Chasing a record

Pope Francis with Fuleco, the Official Mascot of the 2014 World Cup in Brazil, which was presented to him by the FIFA President Sepp Blatter (left).-AP Pope Francis with Fuleco, the Official Mascot of the 2014 World Cup in Brazil, which was presented to him by the FIFA President Sepp Blatter (left).

The Brazilians, as a team, have hardly played any competitive football over the past four years, but an amazing amalgamation of attacking talents, backed by a partisan crowd, will hold them in good stead as they try to break Europe’s and particularly Spain’s recent stranglehold, writes Ayon Sengupta.

Psepholigists and legislators are gearing up for the big fat Indian elections of 2014, looking for another hefty payday even as ordinary citizens, like us, are hoping for some respite and stability to our already over-burdened lives.

With little to look forward to — even a change in government is not going to change our plight — we down a few (eggnogs) but suddenly remember, in an inebriated stupor, the overpaid prima donnas. A brand of athletes, who, though not our own, can surely send some cheer our way, playing in the greatest sporting spectacle, probably in the brightest and merriest place (despite the economic strife), Brazil — the footballing soul of the world.

FIFA’s quadrennial showcase returns to the South American nation after a long gap; Brazil hosted the tournament in 1950, where it was ambushed by Uruguay. This time, the Samba faithful will want their footballers to deliver a record sixth World Cup crown.

The Brazilians, as a team, have hardly played any competitive football over the past four years, but an amazing amalgamation of attacking talents in Neymar, Oscar and Fred, backed by a partisan crowd, will hold them in good stead as they try to break Europe’s and particularly Spain’s recent stranglehold.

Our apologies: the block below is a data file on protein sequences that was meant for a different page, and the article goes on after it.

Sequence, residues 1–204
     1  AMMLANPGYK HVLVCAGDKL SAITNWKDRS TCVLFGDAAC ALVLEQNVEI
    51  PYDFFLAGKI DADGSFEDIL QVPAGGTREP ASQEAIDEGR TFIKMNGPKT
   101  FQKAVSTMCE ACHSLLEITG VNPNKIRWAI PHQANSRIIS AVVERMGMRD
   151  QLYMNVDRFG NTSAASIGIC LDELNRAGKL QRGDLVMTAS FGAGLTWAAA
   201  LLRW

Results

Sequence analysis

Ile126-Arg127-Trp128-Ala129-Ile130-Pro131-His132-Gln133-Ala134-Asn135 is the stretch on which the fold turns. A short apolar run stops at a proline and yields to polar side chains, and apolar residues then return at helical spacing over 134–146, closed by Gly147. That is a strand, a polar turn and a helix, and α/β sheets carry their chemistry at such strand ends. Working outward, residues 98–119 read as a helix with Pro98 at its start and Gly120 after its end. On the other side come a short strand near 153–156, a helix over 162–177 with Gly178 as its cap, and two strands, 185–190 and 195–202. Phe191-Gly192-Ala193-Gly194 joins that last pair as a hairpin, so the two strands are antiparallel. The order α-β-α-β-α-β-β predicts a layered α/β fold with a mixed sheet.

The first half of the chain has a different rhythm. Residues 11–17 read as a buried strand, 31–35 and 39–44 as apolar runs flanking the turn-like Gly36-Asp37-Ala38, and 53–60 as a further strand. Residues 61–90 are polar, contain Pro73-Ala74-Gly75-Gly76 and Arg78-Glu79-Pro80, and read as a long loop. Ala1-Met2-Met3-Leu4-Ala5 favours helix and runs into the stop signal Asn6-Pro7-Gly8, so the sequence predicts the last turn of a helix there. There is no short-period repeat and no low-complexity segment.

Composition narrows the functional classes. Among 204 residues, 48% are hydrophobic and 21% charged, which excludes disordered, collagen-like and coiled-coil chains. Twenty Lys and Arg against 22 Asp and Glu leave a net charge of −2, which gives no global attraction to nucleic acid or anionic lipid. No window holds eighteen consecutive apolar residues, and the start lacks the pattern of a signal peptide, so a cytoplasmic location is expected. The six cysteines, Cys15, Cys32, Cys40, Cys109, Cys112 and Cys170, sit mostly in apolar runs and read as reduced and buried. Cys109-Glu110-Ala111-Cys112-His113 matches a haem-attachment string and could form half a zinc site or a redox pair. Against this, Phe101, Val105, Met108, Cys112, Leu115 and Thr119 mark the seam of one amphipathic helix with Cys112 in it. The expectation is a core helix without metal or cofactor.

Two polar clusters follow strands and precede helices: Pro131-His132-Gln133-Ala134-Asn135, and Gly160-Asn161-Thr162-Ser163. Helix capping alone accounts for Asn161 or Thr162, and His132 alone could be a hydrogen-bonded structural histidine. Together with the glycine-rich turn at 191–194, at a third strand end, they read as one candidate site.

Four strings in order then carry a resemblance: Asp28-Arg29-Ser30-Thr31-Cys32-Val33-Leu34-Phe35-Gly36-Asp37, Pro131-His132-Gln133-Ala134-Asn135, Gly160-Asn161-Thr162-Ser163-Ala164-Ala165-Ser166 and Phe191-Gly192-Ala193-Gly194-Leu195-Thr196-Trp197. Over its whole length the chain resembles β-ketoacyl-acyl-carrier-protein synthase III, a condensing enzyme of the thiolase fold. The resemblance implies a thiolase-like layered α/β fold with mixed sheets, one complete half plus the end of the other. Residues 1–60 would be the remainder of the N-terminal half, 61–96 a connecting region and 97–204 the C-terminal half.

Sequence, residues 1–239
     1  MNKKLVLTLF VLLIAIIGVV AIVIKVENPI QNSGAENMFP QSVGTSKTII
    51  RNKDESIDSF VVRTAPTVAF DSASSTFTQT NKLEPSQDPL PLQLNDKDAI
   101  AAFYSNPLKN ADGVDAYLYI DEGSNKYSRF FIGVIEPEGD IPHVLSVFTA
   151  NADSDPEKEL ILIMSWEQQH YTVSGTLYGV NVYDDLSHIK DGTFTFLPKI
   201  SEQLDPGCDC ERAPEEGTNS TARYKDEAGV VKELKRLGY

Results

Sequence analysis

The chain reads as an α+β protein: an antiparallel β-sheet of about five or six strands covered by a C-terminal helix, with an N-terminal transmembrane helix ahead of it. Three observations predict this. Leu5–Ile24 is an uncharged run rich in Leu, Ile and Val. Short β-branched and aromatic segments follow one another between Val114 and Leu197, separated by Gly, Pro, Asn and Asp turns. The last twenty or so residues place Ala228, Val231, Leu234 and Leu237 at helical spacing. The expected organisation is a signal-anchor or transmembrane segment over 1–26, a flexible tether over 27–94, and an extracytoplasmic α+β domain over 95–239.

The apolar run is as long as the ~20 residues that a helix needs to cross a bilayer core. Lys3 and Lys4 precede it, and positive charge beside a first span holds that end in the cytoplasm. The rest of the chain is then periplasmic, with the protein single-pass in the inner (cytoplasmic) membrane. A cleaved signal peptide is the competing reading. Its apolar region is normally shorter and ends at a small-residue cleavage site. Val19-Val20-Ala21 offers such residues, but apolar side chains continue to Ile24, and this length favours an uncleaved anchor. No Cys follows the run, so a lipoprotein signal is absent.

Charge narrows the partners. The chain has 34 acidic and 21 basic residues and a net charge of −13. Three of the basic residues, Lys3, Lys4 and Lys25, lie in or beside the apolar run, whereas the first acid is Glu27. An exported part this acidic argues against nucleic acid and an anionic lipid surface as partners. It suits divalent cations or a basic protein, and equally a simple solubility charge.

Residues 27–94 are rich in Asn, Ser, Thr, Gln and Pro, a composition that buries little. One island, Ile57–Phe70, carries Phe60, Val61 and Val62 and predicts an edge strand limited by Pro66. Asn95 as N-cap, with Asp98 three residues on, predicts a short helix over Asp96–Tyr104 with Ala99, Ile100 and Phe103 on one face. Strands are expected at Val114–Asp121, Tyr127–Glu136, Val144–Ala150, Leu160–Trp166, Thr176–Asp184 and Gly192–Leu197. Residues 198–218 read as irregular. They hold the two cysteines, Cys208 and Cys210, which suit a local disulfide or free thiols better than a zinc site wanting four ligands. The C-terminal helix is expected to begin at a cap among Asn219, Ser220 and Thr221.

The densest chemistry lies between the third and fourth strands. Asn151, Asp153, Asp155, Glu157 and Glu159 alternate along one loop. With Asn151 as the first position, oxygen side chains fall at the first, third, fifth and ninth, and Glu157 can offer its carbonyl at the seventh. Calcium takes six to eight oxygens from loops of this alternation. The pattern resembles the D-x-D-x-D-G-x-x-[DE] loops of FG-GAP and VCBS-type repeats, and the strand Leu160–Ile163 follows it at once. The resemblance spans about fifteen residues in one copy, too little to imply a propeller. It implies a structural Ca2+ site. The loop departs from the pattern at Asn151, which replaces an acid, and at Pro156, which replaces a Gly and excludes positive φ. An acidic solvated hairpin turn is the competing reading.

Indeed, 2014 could well be the year when La Roja finally loses its cloak of invincibility. The team’s meek capitulation to Brazil in the Confederations Cup final is probably an indicator. The defensive frailties of Vicente del Bosque’s side are out in the open, and the heavy burden of too much game-time has taken the sharpness off his midfield.

Spain has also failed to address the problems of its misfiring forwards and a 4-6-0 headless formation fails to give it adequate teeth to surpass quality opposition.

Germany, with a spectacular concoction of procedural proficiency and physical prowess, has been one of the most efficient international teams in the past few years. A midfield studded with Bastian Schweinsteiger, Toni Kroos, Mesut Ozil and Mario Gotze is surely not to be taken lightly, and its amazing consistency in premier tournaments makes Germany a title contender.

However, the world will be expecting the most from Barcelona’s Lionel Messi, winner of four Ballon d’Or awards. With a staggering 327 goals in 395 appearances for Barcelona (including 247 in just 234 matches over the last five seasons), the virtuoso has firmly established himself as the top player of his generation. But despite scoring 37 times for Argentina, the 26-year-old is yet to shepherd his team to any international title and the tournament in his home continent might be the ideal place for the diminutive playmaker to leave a lasting impression.

Messi, who has missed large parts of the current club season because of a hamstring injury, will need to recover soon and hope for optimal support from the likes of Manchester City’s Sergio Aguero and PSG’s Ezequiel Lavezzi to keep his much-awaited date with destiny.

The Argentine, though, is not the favourite for the ‘Best Footballer’ tag at the FIFA gala in Zurich on January 13. The French winger, Franck Ribery, an integral part of Bayern Munich’s quintet title-winning side, might be the surprise winner.

Bayern, now coached by former Barca player and manager Pep Guardiola, continues to be the foremost club team in the world, recently winning the FIFA Club World Cup crown in Morocco. Opting for a 4-1-4-1 system — a refreshing change from 4-2-3-1 that had almost become every manager’s staple formation since 2010 — Guardiola’s Bayern plays a high backline, concentrating on his usual motto of ball retention. The team is also effective on the counter.

Bayern actually employs a blend of formations. Using the pace of Ribery and Arjen Robben on the wings, it plays 4-3-3 while on the attack. It then uses a combination of 4-5-1 and 4-1-4-1 when defending.

However, in 2014, most managers are likely continue with the defensive 4-2-3-1 style with its holding midfielder, but 4-4-2 and 4-3-3 are expected to stage a strong comeback. The advent of exciting attacking players worldwide will surely change the outlook and teams will want to be more adventurous in order to best utilise the talents at their disposal.